The protective effect of parental expectations against early adolescent smoking initiation.Health Educ Res. 2004 Oct; 19(5):561-9.HE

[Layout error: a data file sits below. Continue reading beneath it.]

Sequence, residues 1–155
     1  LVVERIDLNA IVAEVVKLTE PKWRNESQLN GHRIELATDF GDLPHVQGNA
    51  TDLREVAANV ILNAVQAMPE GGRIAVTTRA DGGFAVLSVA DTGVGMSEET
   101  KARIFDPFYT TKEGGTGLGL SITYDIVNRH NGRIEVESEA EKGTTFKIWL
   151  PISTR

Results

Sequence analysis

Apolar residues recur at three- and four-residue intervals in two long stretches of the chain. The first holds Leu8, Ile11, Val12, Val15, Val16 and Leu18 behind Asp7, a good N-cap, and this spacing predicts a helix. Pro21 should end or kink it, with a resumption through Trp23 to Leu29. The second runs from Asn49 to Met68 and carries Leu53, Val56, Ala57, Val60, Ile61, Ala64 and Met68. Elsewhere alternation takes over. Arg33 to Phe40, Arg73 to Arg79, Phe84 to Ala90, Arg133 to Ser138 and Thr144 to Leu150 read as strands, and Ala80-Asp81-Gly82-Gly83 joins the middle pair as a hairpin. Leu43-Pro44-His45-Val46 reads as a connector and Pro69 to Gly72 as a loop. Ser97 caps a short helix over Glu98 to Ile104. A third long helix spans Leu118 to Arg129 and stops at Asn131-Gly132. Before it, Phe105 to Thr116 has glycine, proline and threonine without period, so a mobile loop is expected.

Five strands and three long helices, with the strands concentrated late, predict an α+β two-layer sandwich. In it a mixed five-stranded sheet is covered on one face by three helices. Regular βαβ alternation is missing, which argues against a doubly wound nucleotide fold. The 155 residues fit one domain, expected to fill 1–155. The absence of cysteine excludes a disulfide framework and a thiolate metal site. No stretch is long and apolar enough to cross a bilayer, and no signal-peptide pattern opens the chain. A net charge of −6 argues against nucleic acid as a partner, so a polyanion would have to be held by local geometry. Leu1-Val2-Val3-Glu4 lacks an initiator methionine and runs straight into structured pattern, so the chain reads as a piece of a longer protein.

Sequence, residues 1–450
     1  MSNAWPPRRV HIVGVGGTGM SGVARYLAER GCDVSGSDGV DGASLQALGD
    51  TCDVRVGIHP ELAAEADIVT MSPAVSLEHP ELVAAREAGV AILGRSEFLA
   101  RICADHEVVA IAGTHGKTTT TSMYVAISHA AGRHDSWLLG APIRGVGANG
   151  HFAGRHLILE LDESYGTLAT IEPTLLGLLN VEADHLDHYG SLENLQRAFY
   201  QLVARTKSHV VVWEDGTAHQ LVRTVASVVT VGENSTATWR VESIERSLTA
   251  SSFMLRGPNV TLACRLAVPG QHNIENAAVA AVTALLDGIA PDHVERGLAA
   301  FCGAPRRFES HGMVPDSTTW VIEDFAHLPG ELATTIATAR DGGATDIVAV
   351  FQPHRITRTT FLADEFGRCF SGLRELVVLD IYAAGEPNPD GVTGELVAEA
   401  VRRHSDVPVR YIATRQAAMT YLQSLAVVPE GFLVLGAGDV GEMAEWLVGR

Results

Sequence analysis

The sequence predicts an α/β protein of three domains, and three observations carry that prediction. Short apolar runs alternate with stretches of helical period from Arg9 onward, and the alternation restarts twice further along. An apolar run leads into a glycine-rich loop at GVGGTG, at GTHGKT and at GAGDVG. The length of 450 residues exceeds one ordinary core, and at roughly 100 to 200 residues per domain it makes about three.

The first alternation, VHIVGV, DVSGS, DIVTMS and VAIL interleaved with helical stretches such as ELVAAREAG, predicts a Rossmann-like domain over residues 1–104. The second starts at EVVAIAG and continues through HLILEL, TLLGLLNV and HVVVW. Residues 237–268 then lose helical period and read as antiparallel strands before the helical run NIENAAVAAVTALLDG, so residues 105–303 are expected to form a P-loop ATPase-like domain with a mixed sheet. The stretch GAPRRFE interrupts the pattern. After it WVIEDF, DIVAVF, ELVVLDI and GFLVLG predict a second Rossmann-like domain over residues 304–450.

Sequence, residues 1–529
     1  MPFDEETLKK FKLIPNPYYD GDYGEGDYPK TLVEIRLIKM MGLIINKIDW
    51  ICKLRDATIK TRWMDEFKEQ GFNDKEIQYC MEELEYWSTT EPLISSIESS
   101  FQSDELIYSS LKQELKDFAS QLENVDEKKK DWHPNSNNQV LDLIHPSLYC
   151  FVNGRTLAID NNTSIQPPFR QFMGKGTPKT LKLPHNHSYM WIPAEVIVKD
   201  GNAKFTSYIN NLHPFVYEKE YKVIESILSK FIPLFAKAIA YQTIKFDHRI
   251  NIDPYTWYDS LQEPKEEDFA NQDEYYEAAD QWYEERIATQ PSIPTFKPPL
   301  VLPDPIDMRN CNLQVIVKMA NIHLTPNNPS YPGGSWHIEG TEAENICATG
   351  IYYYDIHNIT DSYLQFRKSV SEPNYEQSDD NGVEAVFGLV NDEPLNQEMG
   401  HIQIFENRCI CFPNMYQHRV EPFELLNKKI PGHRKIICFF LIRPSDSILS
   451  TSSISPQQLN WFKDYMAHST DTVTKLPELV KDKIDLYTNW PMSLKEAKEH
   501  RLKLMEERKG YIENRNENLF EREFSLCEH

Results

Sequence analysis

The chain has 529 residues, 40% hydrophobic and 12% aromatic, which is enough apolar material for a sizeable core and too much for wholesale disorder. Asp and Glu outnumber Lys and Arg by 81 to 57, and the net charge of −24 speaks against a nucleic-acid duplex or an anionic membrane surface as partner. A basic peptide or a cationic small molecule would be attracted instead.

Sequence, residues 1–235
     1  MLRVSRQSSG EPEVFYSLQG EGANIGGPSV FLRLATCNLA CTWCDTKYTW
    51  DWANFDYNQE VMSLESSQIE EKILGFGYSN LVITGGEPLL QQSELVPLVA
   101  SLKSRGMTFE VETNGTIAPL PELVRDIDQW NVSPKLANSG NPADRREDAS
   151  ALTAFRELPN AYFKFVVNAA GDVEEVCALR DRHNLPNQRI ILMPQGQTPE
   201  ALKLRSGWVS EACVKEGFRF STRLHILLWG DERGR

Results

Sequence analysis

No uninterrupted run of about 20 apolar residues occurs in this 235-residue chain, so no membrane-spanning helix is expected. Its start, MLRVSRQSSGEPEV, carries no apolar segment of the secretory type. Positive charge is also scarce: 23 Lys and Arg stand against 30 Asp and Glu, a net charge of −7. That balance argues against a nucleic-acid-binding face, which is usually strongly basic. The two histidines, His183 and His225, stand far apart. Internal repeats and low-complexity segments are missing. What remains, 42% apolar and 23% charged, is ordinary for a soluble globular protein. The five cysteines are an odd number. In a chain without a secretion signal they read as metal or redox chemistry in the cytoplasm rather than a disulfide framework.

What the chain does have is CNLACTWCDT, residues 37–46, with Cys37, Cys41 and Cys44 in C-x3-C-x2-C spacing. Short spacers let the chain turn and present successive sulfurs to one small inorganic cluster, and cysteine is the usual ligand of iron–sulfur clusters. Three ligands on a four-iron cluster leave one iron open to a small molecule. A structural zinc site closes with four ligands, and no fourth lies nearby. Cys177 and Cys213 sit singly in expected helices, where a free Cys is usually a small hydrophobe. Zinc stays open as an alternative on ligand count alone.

Substantial research and theory suggests that smoking initiation is socially mediated, with both peers and parents playing important roles. To learn more about how parenting behaviors influence smoking initiation, students (n=1002) from four middle schools were surveyed at the beginning of the sixth grade (T1), and the end of the sixth (T2) and seventh (T3) grades. T1 and T2-T1 predictors were regressed on smoking initiation at the end of seventh grade. In bivariate logistic regression analyses, association with friends who smoke, attitudes toward deviance, outcome expectations for smoking, perceived school climate, parental expectations, parental involvement at T1 and increases in these variables (T2-T1) were associated with smoking initiation at T3, but only the T1 measures of social competence, academic engagement, school adjustment, perceived prevalence, parental monitoring and parental involvement were associated with smoking initiation at T3. In multivariate logistic regression analyses, parental expectations were negatively associated, and increases in attitudes accepting of deviance and affiliation with friends who smoke were positively associated with smoking initiation. Analysis of interactions indicated that parental expectations and monitoring did not mediate the effect on smoking initiation of attitudes toward deviance or the number of friends who smoke. These findings provide evidence that parental expectations may protect early adolescents against smoking even in the context of increases in favorable attitudes and friends who smoking.